Last season, Liverpool got as close as they’ve yet been to their first title of the Premier League era, and they got there by playing perhaps the most exciting, attacking football in all of Europe. They may not have won it all in the end, but they impressed a lot of people, and hopes were high for them as they returned to Europe’s premier club competition as a result of their success.
What came next was massively disappointing. The Liverpool side that faced off against Basel and Madrid and Ludogorets in the Champions League group stages looked nothing like the one so many fans around the globe had warmed to the season before. Gone was the breakneck pace and pressure; the unstoppable counter-attacking game and the feeling that Liverpool could win every match by a 5-4 scoreline.
"It wasn’t the real Liverpool earlier in the season," said Brendan Rodgers, reflecting on his club’s autumn in continental action and their hopes for the coming Europa League campaign. "Obviously I was hopeful we would still be in the Champions League at this stage, but it wasn’t to be. We’re still in a very good competition, and we’ll attack these games like we have all our matches these last few months."
It’s clear Rodgers doesn’t think the Liverpool side that headed to Europe in the autumn was a fair reflection of the talent in the squad and the way he wants to play, and he’s likely right, though the role Rodgers himself played in that side’s failings cannot be completely ignored. No trust in some new signings and supreme trust in others, a dysfunctional midfield, and misfiring strikers were all problems Rodgers had a hand in creating.
The Liverpool side that headed to Europe in the autumn—and the one fans saw on the weekends in domestic action—was a shadow of the one seen the season before. It wasn’t the real Liverpool. Or at least not the Liverpool fans or the manager wanted to see. Fortunately, around the time the club were bombing out of the Champions League, Rodgers was finally finding a way forward for them.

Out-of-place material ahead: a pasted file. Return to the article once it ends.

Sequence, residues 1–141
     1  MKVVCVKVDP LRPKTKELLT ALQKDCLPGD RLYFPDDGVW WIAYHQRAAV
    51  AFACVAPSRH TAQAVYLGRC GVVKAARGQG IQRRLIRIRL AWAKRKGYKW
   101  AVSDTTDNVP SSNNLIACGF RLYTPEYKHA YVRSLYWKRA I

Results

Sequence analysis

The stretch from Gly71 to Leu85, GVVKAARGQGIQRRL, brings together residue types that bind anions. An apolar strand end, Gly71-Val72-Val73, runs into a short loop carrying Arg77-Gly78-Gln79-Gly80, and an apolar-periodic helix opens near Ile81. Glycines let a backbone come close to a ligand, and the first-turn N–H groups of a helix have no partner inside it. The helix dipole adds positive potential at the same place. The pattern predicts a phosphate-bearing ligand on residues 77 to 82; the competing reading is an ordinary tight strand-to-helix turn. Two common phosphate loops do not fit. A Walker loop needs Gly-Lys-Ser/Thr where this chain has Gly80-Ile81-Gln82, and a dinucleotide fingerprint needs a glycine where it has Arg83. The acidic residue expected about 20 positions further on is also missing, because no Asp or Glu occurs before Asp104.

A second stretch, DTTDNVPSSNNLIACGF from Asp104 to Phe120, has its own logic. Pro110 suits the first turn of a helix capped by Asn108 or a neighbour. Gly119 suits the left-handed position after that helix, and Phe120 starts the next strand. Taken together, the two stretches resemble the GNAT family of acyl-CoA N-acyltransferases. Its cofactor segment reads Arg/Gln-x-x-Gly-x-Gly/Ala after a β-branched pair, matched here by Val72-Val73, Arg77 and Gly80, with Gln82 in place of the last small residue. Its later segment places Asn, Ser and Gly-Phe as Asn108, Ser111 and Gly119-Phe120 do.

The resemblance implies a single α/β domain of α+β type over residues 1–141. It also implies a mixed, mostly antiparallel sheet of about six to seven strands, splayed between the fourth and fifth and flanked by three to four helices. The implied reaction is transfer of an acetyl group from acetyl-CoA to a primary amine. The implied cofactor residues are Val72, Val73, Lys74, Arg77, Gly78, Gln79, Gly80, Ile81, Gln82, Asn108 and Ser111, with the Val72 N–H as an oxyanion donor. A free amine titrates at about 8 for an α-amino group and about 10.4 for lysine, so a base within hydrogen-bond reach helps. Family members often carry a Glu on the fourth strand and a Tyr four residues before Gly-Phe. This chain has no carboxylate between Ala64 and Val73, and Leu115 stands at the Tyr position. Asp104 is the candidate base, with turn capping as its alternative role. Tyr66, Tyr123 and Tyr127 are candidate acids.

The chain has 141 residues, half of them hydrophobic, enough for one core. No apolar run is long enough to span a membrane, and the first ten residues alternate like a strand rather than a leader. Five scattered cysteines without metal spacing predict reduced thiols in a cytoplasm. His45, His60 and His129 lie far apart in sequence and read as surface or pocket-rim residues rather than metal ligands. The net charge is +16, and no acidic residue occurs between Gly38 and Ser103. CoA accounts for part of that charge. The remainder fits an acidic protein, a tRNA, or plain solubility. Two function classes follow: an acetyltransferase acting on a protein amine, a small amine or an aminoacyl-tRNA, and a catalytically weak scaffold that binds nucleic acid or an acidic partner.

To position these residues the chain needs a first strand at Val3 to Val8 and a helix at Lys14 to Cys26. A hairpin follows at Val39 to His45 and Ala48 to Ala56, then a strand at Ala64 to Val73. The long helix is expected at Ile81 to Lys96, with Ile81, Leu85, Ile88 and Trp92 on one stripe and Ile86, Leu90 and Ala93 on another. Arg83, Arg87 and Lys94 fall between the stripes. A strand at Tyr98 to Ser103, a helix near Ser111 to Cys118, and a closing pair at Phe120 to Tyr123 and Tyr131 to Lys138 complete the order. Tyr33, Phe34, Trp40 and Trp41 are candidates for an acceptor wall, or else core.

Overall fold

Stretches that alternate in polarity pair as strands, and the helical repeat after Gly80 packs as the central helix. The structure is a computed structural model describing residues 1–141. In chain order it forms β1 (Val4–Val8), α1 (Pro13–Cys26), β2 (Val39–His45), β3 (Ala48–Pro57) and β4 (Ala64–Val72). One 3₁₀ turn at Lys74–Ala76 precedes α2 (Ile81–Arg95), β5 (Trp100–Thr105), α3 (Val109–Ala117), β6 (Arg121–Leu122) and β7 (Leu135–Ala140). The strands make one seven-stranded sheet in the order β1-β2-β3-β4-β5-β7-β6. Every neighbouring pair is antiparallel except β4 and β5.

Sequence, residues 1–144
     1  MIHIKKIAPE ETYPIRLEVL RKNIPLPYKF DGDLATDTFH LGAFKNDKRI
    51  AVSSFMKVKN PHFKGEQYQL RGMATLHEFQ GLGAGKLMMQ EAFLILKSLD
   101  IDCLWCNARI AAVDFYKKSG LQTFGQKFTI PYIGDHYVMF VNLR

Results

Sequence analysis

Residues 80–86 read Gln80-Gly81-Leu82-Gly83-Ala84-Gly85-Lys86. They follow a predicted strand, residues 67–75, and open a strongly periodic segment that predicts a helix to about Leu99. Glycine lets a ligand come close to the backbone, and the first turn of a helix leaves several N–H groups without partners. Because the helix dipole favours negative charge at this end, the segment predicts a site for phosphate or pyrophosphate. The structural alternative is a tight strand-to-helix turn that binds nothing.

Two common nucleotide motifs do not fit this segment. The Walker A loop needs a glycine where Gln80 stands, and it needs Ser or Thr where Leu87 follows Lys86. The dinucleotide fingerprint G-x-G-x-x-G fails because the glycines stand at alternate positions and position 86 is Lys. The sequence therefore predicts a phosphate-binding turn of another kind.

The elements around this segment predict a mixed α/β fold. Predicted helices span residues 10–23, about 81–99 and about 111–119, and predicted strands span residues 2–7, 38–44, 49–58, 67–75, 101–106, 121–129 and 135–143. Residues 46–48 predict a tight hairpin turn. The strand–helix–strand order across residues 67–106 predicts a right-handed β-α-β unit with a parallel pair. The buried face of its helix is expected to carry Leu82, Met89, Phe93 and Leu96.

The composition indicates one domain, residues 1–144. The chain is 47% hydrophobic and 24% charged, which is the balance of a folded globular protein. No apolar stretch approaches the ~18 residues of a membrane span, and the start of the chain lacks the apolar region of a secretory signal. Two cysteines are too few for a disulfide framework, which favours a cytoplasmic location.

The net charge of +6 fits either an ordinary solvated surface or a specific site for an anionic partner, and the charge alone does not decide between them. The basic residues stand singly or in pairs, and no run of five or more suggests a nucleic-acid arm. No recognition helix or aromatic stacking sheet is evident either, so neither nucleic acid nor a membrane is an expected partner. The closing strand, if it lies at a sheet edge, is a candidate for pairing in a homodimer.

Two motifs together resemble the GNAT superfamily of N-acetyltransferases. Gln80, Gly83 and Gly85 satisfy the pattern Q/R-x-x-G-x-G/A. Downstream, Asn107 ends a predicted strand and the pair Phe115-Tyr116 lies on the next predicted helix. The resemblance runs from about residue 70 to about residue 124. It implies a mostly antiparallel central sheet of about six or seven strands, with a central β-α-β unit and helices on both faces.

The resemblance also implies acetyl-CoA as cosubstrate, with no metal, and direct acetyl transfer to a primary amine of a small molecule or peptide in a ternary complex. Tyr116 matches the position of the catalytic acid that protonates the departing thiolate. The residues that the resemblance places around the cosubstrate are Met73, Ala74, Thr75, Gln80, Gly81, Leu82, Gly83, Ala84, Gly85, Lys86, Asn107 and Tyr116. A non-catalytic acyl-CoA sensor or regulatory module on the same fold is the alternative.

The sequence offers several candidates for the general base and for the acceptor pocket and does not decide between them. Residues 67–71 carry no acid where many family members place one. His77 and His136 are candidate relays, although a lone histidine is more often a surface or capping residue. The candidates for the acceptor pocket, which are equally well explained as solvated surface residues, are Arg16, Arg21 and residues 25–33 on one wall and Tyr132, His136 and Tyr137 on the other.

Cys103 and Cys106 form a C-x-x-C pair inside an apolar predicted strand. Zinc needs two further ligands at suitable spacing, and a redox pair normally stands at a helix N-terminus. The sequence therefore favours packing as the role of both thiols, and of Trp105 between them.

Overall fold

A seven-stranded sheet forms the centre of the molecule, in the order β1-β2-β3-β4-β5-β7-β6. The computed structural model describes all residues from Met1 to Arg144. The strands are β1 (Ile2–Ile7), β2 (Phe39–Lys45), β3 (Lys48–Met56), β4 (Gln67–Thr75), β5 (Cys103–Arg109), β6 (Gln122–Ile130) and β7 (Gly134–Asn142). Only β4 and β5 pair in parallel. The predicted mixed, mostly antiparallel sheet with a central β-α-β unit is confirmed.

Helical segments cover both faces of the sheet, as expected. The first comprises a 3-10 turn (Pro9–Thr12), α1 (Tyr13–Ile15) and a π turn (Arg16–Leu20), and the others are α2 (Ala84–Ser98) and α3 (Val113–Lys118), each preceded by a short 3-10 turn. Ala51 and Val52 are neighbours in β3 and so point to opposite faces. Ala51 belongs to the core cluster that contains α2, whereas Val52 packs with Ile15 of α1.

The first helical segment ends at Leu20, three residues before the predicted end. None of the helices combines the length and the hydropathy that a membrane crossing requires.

"Of course to arrive there and not have the team to go and play the way we had was frustrating," he added. "It was frustrating. But it’s been a great learning curve for us and hopefully we can be there in other years and be a lot more stable and consistent with our performances. If we were maybe the team we were, or were further down the road with this team, then we’d have had a chance with the Champions League.
"If we were in it now, with this group and the confidence we’ve shown and the way we’re working, then we would have had a chance. Of course there’s maybe others that are more experienced or better equipped, but I’d never write us off in any competition now that we’re back working how we are, and [the Europa League] is a competition that again we’ll look to win and do well in."